"A human being should be able to change a diaper, plan an invasion, butcher a hog, conn a ship, design a building, write a sonnet, balance accounts, build a wall, set a bone, comfort the dying, take orders, give orders, cooperate, act alone, solve equations, analyze a new problem, pitch manure, program a computer, cook a tasty meal, fight efficiently, die gallantly. Specialization is for insects." (Robert A. Heinlein)

Wednesday, 17 June 2009

JavaFx on EEEBuntu

The newly released version of Sun's JavaFx also comes with a Linux version. Even it's still a beta version I decided  to try it on the EEEPC 900
Why JavaFx on EEEPC?
I know that EEEPC is not the best choice for programming because of the small keyboard, the small screen and so on ... but the high portability of EEEPCgives you an ever-ready programming environment good for little experiments and for just having some fun programming.
Java SDK update
I first downloaded from Sun site the latest Jdk version, JavaFx requires at least 1.6.14 version while the currently installed version on EEEPC was 1.6.10.
I extracted Jdk files by executing its installation file
chmod a+x jdk-6u14-linux-i586.bin sudo mv jdk-6u14-linux-i586.bin /opt
sudo /opt/jdk-6u14-linux-i586.bin
then I configured the newly installed Java as default virtual machine by first adding it to the udate alternatives list (the whole command goes in a single line)
sudo update-alternatives --install /usr/bin/java java
      /opt/jdk1.6.0_14/bin/java 30
I at last selected the just installed Jdk as the default one using the command
 sudo update-alternatives --config java

Netbeans Configuration
I then configured Netbeans by editing its configuration file and replacing old JDK path with the new one
sudo gedit /opt/netbeans-6.5/etc/netbeans.conf
...
# Default location of JDK, can be overridden by using --jdkhome <dir>:
netbeans_jdkhome="/opt/jdk1.6.0_14/"
...
I finally launched Netbeans to verify it was working with the correct Jdk.
Installing JavaFx Plugins
After verifying Netbeans was working proprly and letting it download the lastest updates selected from Netbeans plugins window the three JavaFx plugins.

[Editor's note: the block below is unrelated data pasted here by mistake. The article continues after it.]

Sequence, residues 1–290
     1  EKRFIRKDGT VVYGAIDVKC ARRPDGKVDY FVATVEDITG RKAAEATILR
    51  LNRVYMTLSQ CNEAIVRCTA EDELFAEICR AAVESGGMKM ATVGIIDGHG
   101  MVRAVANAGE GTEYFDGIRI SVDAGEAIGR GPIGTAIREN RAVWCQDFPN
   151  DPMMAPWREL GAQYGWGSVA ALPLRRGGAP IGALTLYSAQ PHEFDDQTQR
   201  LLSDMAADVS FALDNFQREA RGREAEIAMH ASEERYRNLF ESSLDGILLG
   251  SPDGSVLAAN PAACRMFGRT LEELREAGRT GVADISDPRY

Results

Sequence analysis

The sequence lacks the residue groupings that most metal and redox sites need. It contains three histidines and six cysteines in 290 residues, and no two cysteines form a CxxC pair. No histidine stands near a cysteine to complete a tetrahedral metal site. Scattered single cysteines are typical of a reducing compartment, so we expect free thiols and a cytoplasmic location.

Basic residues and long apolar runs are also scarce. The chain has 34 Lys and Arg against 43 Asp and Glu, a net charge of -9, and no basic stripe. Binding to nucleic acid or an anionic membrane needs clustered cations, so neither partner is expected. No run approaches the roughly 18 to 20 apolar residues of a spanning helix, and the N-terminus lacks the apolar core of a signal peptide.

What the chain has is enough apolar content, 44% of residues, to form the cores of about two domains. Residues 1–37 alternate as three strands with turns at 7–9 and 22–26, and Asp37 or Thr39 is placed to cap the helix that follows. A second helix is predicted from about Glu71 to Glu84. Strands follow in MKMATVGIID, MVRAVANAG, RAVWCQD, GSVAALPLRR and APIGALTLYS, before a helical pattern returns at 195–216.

After plugins installation completed, and Netbeans IDE restarted, I've been able to start a new JavaFx project. Here is my first JavaFx script
 /*
* Main.fx
 *
 * Created on 16-giu-2009, 7.34.18
 */
package demofx;

import javafx.stage.Stage;
import javafx.scene.Scene;
import javafx.scene.text.Text;
import javafx.scene.text.Font;
import javafx.scene.paint.LinearGradient;
import javafx.scene.paint.Stop;
import javafx.scene.paint.Color;

/**
 * @author maxx
 */

Stage {
    title: "Application title"
    width: 350
    height: 100
    scene: Scene {
        fill:LinearGradient {
                startX : 0.0
                startY : 0.0
                endX : 1.0
                endY : 0.0
                stops: [
                    Stop {
                        color : Color.BISQUE
                        offset: 0.0
                    },
                    Stop {
                        color : Color.BLUE
                        offset: 1.0
                    },
                ]
            }
        content: [
            Text {
                font : Font {
                    size : 56
                    embolden: true
                }
                x: 10
                y: 50
                content: "Hello World"
                fill: Color.BLACK
            }
            Text {
                font : Font {
                    size : 56
                    embolden: true
                }
                x: 15
                y: 55
                content: "Hello World"
                fill: Color.BLACK
                opacity: 0.5
            }
        ]
    }
}
(syntax highlighted by Code2HTML, v. 0.9.1) 
 and here is the result (just another "hello world" program).